Belfast Telegraph

Sir Vince Cable: Theresa May not even slightly interested in economic policy

Theresa May was "never the slightest bit interested in economic policy", a former business secretary has claimed.

Sir Vince Cable took aim at the Prime Minister's ambition to reduce the number of visas for overseas students as he said that achieving "no deal" in negotiations to leave the European Union reflected a "complete lack of any sense of responsibility".

The Liberal Democrats' treasury spokesman, who worked with Mrs May in the Cabinet as part of the 2010-2015 coalition government, said of the Prime Minister: "She has some likeable characteristics and admirable characteristics, but it was always very clear that she was never the slightest bit interested in economic policy."

Sir Vince told an audience during a speech in central London on the economy and business: "There was one issue actually that crystallised it... which is the issue about overseas students.

"In order to meet the target, they reduced or tried to curb visas for overseas students - but they are not immigrants because they don't stay here, they go back, but it fits within the numbers, so they have to be cut."

Sir Vince said that along with other ministers he would say that the policy was "ridiculous" and costing the country "£10 billion a year", and asked why there was an attempt being made to try to "undermine" industry.

"And the answer we got (from Mrs May) was intriguing and revealing and highly relevant to today," he said.

"It wasn't: 'Well, you're wrong', it was: 'So what? What does it matter if it's damaging the economy? We're controlling the immigration.'"

Sir Vince added: "So this is why the crashing out scenario, which is looming now very large, is potentially so disastrous and why the Liberal Democrats have to be absolutely clear that we would not accept that and we would want to provide a route back, an opportunity to think again about this process."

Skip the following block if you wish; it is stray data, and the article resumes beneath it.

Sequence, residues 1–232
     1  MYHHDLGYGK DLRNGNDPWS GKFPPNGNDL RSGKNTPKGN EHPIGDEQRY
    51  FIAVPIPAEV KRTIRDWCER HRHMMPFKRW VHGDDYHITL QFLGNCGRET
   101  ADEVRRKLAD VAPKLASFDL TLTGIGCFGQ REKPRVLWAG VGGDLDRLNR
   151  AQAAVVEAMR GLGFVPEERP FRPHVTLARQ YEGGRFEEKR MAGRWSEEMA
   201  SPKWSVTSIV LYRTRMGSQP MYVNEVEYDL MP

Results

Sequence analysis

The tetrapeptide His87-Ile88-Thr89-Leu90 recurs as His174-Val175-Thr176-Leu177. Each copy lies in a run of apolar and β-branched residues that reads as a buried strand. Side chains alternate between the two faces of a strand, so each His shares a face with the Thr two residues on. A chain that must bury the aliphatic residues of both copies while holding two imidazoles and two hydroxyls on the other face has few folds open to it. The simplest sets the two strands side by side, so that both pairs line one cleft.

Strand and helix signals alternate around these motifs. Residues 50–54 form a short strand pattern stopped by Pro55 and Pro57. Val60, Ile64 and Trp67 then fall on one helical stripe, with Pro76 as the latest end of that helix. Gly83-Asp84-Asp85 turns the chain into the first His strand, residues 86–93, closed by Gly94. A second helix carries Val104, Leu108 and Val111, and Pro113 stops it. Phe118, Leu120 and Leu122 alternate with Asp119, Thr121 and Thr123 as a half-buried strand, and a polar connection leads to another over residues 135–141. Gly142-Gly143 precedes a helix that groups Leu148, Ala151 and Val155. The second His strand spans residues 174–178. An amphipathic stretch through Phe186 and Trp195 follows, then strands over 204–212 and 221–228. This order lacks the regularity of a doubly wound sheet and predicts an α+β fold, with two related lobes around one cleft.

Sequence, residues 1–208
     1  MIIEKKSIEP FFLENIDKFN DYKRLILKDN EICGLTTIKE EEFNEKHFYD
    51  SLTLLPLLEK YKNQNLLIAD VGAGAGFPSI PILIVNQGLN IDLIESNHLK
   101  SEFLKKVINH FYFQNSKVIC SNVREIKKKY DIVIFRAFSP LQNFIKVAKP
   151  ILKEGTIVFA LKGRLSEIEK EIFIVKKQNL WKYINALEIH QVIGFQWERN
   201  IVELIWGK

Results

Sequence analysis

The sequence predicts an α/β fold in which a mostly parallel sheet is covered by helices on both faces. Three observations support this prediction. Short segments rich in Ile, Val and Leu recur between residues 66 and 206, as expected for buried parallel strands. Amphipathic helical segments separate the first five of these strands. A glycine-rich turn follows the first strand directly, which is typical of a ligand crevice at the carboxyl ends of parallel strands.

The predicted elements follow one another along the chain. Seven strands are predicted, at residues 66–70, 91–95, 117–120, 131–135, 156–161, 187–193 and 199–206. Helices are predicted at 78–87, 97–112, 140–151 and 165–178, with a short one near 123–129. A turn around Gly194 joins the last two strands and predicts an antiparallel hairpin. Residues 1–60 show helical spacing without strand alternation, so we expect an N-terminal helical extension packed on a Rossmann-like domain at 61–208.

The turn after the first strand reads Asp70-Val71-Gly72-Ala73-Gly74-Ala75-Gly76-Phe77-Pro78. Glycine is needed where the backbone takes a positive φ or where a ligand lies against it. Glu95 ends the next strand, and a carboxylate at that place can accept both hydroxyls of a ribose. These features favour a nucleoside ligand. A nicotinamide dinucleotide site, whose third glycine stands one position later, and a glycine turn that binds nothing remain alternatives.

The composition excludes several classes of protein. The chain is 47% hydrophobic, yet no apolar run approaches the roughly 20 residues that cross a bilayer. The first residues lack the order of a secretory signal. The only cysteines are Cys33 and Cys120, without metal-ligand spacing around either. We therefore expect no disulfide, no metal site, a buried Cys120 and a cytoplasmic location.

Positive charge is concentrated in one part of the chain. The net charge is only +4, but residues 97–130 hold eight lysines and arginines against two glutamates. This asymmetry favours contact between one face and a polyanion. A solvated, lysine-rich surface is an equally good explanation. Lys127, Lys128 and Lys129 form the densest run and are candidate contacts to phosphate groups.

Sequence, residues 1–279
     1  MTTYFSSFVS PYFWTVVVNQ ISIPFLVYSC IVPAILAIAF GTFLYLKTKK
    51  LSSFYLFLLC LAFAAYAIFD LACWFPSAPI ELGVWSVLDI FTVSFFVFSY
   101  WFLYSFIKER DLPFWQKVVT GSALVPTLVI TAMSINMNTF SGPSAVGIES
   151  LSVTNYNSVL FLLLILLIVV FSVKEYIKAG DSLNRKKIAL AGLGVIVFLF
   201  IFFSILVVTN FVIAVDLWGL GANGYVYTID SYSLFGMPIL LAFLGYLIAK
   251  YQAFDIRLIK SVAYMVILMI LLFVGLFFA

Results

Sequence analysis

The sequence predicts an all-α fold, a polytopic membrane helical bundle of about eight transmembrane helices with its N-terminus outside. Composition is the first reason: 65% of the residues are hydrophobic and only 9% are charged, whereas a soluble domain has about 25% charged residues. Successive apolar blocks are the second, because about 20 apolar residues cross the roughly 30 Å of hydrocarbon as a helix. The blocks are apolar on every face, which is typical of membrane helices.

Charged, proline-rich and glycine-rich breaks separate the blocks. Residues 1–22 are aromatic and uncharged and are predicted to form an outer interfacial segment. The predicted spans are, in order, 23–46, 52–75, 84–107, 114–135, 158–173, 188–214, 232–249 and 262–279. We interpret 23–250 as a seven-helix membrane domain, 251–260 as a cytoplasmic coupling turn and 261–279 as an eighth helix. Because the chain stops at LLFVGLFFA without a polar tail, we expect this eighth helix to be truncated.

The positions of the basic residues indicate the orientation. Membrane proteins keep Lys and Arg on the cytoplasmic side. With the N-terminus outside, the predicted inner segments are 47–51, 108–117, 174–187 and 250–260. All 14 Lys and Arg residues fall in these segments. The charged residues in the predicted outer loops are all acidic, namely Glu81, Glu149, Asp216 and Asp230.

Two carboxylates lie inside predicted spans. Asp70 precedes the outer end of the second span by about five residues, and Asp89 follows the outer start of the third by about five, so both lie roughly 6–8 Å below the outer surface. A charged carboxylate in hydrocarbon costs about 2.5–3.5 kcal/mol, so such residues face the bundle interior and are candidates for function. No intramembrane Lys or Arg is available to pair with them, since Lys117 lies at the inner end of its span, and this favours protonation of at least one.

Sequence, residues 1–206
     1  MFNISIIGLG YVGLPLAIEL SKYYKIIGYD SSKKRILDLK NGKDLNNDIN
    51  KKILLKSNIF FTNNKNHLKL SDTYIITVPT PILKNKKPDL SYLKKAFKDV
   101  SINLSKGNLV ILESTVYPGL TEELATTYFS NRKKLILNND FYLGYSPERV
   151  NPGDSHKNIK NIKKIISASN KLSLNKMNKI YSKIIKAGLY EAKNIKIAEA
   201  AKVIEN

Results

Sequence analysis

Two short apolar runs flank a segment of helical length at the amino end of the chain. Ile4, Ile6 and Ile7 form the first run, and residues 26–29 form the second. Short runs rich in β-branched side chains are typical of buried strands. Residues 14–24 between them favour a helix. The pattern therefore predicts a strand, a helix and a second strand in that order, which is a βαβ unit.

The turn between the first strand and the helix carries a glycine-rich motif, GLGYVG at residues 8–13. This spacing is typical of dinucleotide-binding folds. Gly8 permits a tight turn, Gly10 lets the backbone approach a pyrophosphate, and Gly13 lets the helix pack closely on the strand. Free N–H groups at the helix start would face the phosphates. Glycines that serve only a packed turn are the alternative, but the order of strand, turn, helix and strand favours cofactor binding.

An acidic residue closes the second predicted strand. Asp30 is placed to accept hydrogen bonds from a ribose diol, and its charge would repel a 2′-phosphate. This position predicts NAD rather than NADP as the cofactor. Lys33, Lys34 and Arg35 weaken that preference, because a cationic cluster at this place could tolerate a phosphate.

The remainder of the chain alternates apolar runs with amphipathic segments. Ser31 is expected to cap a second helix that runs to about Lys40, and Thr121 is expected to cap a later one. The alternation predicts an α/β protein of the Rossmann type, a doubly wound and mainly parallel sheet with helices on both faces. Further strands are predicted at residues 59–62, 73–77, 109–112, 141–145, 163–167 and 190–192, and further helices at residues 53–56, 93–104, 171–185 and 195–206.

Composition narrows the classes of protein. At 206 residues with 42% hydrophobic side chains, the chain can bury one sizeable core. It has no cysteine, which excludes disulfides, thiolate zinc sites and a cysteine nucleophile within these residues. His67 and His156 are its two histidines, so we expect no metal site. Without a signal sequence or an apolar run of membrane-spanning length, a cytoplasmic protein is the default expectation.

During the speech in Southwark, Sir Vince accused the Tories and Labour of turning their backs on business regarding Brexit.

He said that the UK does not need "to leave the European Union while at the same time leaving the single market and the customs union".

Sir Vince added: "Each of those two things has very profound economic implications which I don't think the Prime Minister understands, and the costs of which have never been spelt out."

He added that leaving the single market was not necessary " to observe the mandate of the referendum", and claimed that the Conservatives were " really badly betraying the interests of not just the country but within it the business community in general".

"If you turn to what's happening on the other side of the Labour party, I find it very difficult to understand why their economic proposals are not being torn to shreds.

"They've progressed from Keynesian economics to Venezuelan economics ... that was the role model.

"Price controls, printing money, nationalise everything that moves or doesn't move - complete economic chaos at the end of it - t hat's their role model."

Sir Vince said the Liberal Democrats would provide a "strong opposition" to a hard Brexit, and "support for a private enterprise competitive market economy, supported by government", and show "fiscal responsibility while providing room for more government investment in key spending priorities".